One of those present at the meeting of non-governmental organisations (NGOs) at the Institute for Policy Studies was Robin Broad, an associate professor at American University. A long-time student of the World Bank, whose book Unequal Alliance: The World Bank and the Philippines is regarded as a classic case study of the institution's relations with its client countries, Broad claims that the World Bank is, in fact, in more of a crisis than the IMF but this is less visible to the public.
"The IMF's response has been to withdraw behind its four walls, thus reinforcing the public perception of it being besieged," she notes. "The Bank's response, however, has been to engage the world to hide its mounting crisis."
She identifies three elements in the Bank's offensive: "First, it goes out and tells donors that it is the institution best positioned to do lending to end poverty, for the environment, for addressing HIV/AIDS, you name it... when in fact its record proves that it's not. Second, it has the world's largest `development' research department - funded to the tune of about $50 million - whose raison d'etre is to produce research to back up predetermined conclusions. Third, it has this huge external affairs department, with a budget of some $30 million - a PR unit that feeds these so-called objective research findings to the press and fosters the image of an all-knowing Bank."
But, she concludes, "This can't last. Inside the Bank, they know they're in crisis and are scrambling. And sooner or later, if we do our work, the truth will come out."
At the Institute for Policy Studies meeting, people dismissed World Bank President Paul Wolfowitz's much publicised anti-corruption campaign as another public relations stunt designed to shore up the Bank's faltering legitimacy. "Talk about being hypocritical. He was the U.S. Ambassador to Indonesia in the mid-1980s, when corruption involving World Bank projects was rife, and he never did anything about it," said Shalmali Guttal of the Bangkok-based Focus on the Global South. "About one out of every three dollars that the Bank gave the Suharto government over a 30-year period from the mid-1960s to the mid-1990s went to the pockets of Suharto's people. This came to about $10 billion of the $30 billion World Bank lending programme. Wolfowitz, in fact, was known as a great friend of the Suharto regime."
Deep scepticism also met the plan to increase the voting power of some of the big developing countries, such as China and Brazil, and the announcement that a few more poor countries would be made eligible for debt reduction under the Bank-managed "Highly Indebted Poor Country" (HIPC) Initiative. The latter was seen as a PR effort to shore up a faltering programme while the former was seen as a desperate attempt to head off the move of many developing countries to move away from dependence on the two institutions.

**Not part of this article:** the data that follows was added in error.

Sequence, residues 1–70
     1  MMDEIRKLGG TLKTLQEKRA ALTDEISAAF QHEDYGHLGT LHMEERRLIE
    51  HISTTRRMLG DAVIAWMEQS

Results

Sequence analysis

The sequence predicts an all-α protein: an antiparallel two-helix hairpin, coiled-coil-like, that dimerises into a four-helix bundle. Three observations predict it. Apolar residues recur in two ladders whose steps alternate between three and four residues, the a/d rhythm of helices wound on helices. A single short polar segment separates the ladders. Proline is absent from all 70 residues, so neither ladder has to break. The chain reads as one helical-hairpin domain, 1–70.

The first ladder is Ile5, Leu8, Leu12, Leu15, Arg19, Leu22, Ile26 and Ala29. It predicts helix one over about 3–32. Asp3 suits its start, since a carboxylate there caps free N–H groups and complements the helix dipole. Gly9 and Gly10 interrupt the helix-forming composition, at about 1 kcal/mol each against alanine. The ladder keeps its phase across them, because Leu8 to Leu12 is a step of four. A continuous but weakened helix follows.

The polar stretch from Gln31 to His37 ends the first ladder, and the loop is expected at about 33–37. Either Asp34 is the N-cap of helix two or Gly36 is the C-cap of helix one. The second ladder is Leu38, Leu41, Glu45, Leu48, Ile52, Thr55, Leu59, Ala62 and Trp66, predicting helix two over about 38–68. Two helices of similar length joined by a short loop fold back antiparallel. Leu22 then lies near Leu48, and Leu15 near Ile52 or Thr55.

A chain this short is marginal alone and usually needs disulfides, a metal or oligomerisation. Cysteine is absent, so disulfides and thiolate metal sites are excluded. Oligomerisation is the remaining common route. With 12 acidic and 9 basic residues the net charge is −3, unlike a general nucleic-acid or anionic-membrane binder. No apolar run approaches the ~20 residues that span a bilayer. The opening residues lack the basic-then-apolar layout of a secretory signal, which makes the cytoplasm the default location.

There was little talk at the meeting about reforming the funds and the Bank's lending and project policies, the preferred approach of many of the bigger international NGOs in the 1990s. Sameer Dossani, coordinator of the 50 Years is Enough! Campaign, expressed the meeting's doubts about the viability of a reformist approach: "We criticised structural adjustment programmes, and they came up with PRSPs [Poverty Reduction Strategy Papers]. We called for debt cancellation, and they came up with the HIPC. With these initiatives now mired in failure, isn't it time for another approach?"
With crisis deepening in the two institutions, critics sense an opportunity for putting in place a more radical strategy. "We've united around a strategy of disempowering the Bank and the Fund," said Lidy Nacpil of Jubilee South, a global coalition demanding debt cancellation, at the conclusion of the two-day meeting.
Instead of attaching conditions to IMF and Bank operations in order to reduce their negative impacts, the new approach would identify the most vulnerable operations or divisions of the two institutions and wage global campaigns to shut them down with the strategic goal of eventually leaving them with radically reduced power and influence.
"It's like cutting off the tentacles of an octopus," Dossani said. "You start with the most vulnerable parts, then move on." Among two initiatives considered by the new campaign are international mass mobilisations at the time of the World Bank-IMF Fall Meeting in Singapore in the third week of September and an international conference on "Alternatives to the World Bank and the IMF" timed to coincide with the Fall meeting.
Walden Bello is Professor of Sociology at the University of the Philippines and Executive Director of the Bangkok-based Focus on the Global South.